A newcomer to the anti-divestment battle is the shadowy Canary Mission, an organisation posting online "dossiers" on activists fighting for Israeli divestment. The idea is that employers can check the files and opt not to hire one of the activists. A video on its Facebook page asks for help so that "today's radicals are not tomorrow's employees."
Targeted individuals include a current employee of the American Civil Liberties Union, and a Muslim student member of the UC Board of Regents. Groups, including the Jewish Voice for Peace, are also targeted with dossiers.
The "database was created to expose individuals and groups that are anti-Freedom, anti-American and anti-Semitic in order to protect the public and our democratic values," states the group's web site, which asks readers to also donate "profiles."
The site doesn't identify who's behind the operation or who works for the site — only that it's run by "students and concerned citizens galvanised and motivated by our mission to protect the universal values of freedom and democracy." Nor does Canary Mission offer "spoken media interviews."
Anti-Zionist, anti-Semitic or both?
"It's annoying to be called anti-American and anti-Semitic because I'm a Jew who supports Palestinian rights," said one of the individuals profiled on the site who asked that his name not be used. "They're trying to intimidate."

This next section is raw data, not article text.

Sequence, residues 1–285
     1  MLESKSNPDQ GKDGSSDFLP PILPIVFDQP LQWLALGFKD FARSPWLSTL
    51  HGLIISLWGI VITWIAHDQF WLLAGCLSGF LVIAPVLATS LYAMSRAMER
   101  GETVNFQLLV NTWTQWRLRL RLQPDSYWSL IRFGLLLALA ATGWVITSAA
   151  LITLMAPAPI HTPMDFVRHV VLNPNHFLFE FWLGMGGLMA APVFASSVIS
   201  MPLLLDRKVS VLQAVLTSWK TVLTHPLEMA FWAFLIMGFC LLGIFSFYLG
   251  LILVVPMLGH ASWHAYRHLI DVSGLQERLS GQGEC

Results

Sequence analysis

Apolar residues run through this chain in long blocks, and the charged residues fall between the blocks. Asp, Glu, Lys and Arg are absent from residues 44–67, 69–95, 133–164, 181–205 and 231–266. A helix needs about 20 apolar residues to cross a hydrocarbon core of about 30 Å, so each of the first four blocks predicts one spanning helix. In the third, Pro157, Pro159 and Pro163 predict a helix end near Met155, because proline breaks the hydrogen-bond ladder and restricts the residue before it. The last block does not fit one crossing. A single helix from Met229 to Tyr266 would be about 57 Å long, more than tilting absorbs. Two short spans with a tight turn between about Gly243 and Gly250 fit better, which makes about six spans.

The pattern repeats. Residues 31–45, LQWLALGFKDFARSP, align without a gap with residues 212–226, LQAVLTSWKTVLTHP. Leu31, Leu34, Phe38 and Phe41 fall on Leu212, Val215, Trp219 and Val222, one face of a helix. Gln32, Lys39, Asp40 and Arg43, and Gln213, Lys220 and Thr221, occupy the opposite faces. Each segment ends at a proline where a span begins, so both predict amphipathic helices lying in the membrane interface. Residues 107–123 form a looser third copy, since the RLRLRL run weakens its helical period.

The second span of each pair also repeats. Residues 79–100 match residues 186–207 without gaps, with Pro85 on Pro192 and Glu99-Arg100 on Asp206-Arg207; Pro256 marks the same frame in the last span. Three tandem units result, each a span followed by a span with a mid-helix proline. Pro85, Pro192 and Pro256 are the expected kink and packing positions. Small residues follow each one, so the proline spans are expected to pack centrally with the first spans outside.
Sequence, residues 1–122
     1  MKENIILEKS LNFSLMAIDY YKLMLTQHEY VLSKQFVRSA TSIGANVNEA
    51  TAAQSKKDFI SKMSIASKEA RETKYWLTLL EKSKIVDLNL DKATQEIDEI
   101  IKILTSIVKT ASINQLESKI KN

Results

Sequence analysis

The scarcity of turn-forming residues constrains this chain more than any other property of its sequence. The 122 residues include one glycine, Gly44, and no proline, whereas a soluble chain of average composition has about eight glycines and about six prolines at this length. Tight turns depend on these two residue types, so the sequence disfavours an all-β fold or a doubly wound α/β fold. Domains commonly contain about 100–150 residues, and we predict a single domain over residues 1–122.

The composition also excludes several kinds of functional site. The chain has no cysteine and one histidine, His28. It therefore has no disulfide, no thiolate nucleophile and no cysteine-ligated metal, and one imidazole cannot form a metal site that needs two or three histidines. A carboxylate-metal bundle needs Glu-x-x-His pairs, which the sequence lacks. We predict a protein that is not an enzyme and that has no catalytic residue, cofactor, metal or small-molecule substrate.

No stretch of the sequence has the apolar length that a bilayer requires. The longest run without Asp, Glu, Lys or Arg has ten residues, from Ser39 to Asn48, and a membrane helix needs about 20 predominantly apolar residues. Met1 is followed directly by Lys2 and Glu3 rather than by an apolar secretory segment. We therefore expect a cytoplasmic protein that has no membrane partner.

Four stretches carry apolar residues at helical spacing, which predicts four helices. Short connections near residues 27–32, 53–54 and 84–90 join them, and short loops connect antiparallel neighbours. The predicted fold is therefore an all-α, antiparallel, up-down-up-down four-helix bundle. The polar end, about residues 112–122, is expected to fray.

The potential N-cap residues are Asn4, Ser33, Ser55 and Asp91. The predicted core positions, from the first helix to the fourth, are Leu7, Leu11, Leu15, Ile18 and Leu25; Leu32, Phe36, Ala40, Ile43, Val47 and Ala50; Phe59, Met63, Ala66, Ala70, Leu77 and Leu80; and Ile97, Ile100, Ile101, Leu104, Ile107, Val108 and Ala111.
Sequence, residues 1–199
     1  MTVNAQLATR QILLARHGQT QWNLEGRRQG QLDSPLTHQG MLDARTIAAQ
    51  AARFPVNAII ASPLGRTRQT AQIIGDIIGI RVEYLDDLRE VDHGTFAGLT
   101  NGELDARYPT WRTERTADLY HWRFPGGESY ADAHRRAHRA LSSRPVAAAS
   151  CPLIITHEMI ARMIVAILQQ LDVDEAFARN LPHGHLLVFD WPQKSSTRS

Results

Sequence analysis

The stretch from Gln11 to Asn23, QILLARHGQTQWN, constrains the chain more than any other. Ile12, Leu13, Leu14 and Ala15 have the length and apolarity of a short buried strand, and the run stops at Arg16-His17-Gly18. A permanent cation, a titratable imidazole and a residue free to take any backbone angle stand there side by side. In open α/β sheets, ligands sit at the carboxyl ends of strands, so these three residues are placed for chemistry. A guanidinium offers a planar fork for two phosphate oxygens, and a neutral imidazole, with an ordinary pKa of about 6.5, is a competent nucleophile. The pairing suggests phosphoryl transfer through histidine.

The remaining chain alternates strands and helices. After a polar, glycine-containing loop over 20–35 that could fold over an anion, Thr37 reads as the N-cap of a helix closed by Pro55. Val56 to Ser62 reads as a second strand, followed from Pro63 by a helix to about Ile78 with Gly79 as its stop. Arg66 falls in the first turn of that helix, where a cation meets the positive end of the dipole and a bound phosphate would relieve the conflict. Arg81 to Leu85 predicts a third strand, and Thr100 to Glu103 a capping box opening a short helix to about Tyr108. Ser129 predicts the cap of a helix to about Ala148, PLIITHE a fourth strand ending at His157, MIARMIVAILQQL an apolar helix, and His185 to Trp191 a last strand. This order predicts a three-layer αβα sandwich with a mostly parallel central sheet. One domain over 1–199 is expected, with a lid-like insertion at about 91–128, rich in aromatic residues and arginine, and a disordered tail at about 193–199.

The Times of Israel recently carried a blog by a high school junior, Zachary Kolodny, who decided to "turn myself in" to Canary Mission. "I consider myself a Zionist but I disapprove of the way Zionism has been carried out," he writes.
"I disapprove of the censorship in our community over Israel. This blacklist of college-aged activists is the pinnacle of this censorship."
Charges of anti-Semitism particularly infuriate divestment supporters. They argue that the label is being used to kill debate. A clone Facebook account also called Canary Mission (with the canary upside down in the logo) features an animated drawing of what appears to be a student wearing a headband with the words Palestinian State and a sticker saying "anti-Semitism" slapped across his mouth.
"Because we're Jews we see our role speaking out for justice as particularly important because what Israel is doing is being done in our name," said Dann.
While Samarov believes the majority of divestment supporters are motivated by compassion in responding to a "deceptive" campaign for justice, many organisers aim to "eliminate the Jewish state," which he believes is profoundly anti-Semitic.
Foxman agrees. He sees criticism of Israel as perfectly acceptable but not to "demonise" the nation with the aim to eliminate it. "That's when it crosses the line," he adds.
Even some divestment supporters concede that debate over the issue can sometimes provide "cover" for anti-Semitism. Hate-crime vandalism recently rattled both the Stanford University campus (which voted against a divestment resolution) and UC-Davis (which supported a resolution) amid pitched debates over divestment.
Swastikas were spray-painted on buildings at both schools, including one on a Davis Jewish fraternity. School administrators declared the attack an "affront to us all."